And I guess the thing that irritates me most, both about myself as well as my friend group and society as a whole, is that no one notices how upset I am until they see it. I’ve been majorly depressed and suffering from panic attacks for the past week and yet it wasn’t until Friday anyone outside of my tight group of two or three close friends asked me if I was okay. And I’m pretty sure it was because I looked like shit that day. I was only going to the Pride Center, so I didn’t bother showering—I hadn’t in days—I dug an old shirt out of my laundry basket to wear because it reminded me of the girl I’m dating, and my arms were wrapped in white gauze because they were still recovering from yesterday when I’d broken the blade out again (the first time this year, which is actually a little astonishing for me). I curled up on the couch and slept and didn’t even talk to the Friday intern, who I usually love to hang out with when he’s there. He tried bothering me into getting up, but it didn’t work. I was too tired, too upset, and too tired of hiding it.

Stacie walked in to update us on the things that were going on, as she always did, and at the end of it she asked me if I was okay. “You don’t look okay. In fact you look very bad,” she said.

It was the first time someone was acknowledging my outward expression of my inner pain, and it was kind of relieving actually. I told her I was fine—“I mean, I’m not okay, but it’s fine.”

She seemed to believe me, and when she left told me to call her if I needed anything.

I felt a little bad for another friend of mine who was there, who I’d been talking to since I bothered to sit up. He seemed to notice for the first time how shitty I really did look (he tends not to judge people by their appearances, which is a great skill to have). After what Stacie said though his attention was drawn to it, and he too asked me if I was alright. I told him a bit of what was going on, grateful for his concern but irritated that it took white gauze for him to notice.

Besides my sister, the only person that I told the whole story to was the girl I’ve been dating for the past two weeks. We were driving in her car later that same day and I decided to ask her about her comfort level with my self-harm (she was already aware of it, and my sister had encouraged me to be open with her since she’d already told me I could talk to her about it).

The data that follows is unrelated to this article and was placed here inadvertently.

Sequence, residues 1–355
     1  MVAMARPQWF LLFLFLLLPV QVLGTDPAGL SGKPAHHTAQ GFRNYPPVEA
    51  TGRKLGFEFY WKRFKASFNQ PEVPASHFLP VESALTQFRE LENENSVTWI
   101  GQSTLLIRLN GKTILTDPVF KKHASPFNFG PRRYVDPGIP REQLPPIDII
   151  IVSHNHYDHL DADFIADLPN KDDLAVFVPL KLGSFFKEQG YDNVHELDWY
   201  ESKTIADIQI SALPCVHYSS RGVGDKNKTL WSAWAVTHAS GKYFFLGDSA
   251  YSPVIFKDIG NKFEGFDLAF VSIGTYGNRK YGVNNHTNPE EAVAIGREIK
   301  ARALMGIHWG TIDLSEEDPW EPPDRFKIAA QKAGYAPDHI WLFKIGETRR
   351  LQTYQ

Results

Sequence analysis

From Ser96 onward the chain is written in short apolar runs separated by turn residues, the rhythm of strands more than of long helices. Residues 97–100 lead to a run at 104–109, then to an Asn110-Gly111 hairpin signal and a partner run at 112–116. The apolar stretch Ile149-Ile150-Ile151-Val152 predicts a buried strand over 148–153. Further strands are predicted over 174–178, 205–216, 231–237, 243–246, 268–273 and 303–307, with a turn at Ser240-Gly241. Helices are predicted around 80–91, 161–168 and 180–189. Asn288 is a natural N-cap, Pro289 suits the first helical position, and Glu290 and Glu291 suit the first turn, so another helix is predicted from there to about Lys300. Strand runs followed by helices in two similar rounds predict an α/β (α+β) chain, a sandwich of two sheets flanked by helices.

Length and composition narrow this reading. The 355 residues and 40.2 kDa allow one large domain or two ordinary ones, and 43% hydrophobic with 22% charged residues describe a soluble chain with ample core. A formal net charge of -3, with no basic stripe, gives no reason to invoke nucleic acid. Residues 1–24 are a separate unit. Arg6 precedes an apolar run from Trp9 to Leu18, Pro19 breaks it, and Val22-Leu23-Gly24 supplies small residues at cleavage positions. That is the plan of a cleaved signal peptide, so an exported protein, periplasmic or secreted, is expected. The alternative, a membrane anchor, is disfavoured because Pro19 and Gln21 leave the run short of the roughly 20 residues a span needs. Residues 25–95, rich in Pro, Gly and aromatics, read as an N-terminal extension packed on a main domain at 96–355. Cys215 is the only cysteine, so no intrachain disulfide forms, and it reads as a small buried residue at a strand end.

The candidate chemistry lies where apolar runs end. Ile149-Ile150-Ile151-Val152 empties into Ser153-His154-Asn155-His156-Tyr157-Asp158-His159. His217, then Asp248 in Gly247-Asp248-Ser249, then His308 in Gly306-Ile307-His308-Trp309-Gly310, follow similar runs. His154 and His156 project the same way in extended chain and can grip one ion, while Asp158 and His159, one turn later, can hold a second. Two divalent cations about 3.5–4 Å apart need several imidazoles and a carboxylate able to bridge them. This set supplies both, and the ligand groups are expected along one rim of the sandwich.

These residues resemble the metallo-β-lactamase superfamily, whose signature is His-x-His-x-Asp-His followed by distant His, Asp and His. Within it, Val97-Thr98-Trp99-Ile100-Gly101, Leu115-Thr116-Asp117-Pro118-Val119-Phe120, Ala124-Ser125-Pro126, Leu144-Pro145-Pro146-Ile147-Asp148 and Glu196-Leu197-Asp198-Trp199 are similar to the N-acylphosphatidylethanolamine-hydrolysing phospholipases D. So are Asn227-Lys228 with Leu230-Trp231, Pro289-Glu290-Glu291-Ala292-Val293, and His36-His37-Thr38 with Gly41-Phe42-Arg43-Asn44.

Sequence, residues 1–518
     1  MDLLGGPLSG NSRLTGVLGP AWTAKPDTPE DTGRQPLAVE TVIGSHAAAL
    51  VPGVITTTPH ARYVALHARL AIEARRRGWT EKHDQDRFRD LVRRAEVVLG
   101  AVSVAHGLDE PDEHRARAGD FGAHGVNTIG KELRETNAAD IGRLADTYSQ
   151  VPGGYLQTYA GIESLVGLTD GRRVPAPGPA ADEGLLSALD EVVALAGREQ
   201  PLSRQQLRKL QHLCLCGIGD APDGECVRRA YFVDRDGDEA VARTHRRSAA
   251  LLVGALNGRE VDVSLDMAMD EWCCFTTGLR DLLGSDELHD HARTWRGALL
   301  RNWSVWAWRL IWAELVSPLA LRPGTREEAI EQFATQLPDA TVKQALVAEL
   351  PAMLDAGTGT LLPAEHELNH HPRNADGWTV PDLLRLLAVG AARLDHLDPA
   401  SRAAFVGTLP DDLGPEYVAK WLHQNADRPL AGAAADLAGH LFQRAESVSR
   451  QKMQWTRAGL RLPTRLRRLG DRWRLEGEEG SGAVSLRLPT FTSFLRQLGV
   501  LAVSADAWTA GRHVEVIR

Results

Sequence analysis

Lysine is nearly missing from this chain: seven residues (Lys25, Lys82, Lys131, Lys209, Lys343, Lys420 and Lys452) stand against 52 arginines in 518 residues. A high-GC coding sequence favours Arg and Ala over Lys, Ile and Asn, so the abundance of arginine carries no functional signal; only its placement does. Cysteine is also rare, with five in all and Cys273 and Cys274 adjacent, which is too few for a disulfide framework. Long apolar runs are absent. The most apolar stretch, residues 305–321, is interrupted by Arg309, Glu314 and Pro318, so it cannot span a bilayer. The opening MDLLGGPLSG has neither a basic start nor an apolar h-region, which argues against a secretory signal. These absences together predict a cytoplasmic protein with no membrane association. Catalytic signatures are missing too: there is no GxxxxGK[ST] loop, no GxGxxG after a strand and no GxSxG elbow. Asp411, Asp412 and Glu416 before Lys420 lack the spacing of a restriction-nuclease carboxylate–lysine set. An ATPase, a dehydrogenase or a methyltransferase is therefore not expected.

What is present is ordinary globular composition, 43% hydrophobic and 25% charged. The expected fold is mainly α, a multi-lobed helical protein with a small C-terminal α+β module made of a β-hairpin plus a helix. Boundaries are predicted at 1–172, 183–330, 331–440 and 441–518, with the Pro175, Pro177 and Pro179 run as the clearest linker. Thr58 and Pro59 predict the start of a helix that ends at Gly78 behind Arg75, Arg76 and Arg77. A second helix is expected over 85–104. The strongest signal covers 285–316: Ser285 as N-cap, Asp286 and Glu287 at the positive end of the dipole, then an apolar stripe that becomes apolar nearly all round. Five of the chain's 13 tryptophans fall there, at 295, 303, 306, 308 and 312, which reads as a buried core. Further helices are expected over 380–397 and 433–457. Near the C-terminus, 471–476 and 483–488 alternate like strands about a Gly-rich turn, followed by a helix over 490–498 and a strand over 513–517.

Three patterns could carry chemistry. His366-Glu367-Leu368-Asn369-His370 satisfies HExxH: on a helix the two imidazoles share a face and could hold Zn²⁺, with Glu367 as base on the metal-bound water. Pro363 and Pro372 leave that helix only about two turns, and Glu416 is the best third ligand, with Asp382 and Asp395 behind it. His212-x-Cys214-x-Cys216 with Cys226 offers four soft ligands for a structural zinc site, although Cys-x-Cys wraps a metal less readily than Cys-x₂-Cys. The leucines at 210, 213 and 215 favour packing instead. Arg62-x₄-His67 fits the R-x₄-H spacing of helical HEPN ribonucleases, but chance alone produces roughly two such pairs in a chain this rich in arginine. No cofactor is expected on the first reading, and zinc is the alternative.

I started by saying I’d had a really rough week. She jumped in with “I’ve had a really rough two weeks.”

There was a slight pause. I looked at her and said I was sorry.

She looked back at me, saw I was genuinely distressed, and quickly changed her tune.

“I’m sorry. I didn’t mean to one-up you or anything.” I shrugged, and she pressed me. “Why was this week rough?”

I go back and forth about the exchange. On one hand I’m pissed that she so quickly countered my expression of pain by trying to say she had it harder. But on the other hand I really don’t think she meant it like that, and I’m also really impressed that she quickly apologized, and then immediately refocused on me without bringing it back to herself once for the entire conversation. Her first move was immature, but she’s only a freshman. She’s still maturing out of her high school mindset, and I have a feeling high school kids are one-upping each other constantly. In fact I know that after having worked with almost a hundred of them for eight weeks over the summer. And she’s already showing maturity by correcting her behavior, so in all, the exchange mostly makes me feel safer with her.

I told her what had been going on—my struggle in finding a new job or keeping my old one, my living situation, dealing with the mixed messages I was getting. That it had cumulated to a panic attack and a bought of self-harm. And I wanted to know if she was uncomfortable with my state, if she didn’t want to hear about it, if she wanted to be an outlet for me.

“It’s not going to trigger me,” she told me. “I don’t mind hearing about it. It doesn’t bother me.”

Later I was getting warm in the car and took my jacket off, revealing the gauze. “It looks bad, but it’s okay. This is what people saw, and it freaked them out, and it was the first time I felt okay not wearing long sleeves,” I said.

“It doesn’t bother me,” she repeated.

She didn’t give me a funny look, her voice didn’t shake, she didn’t sigh or let the feeling hang for minutes on end. I let it out, she took it in, and we moved on.

I hope I can continue to feel safe with her. I hope we can continue to talk about these things. I don’t want us to be comparing our depression or our pain. That’s not healthy and it just harks back too much to the way it was with my ex. I’m hoping we can foster a safe space between the two of us, because in today’s crazy world, where some people aren’t as mature as she was able to be, things just get nasty. And I know I’m going to need an escape from that.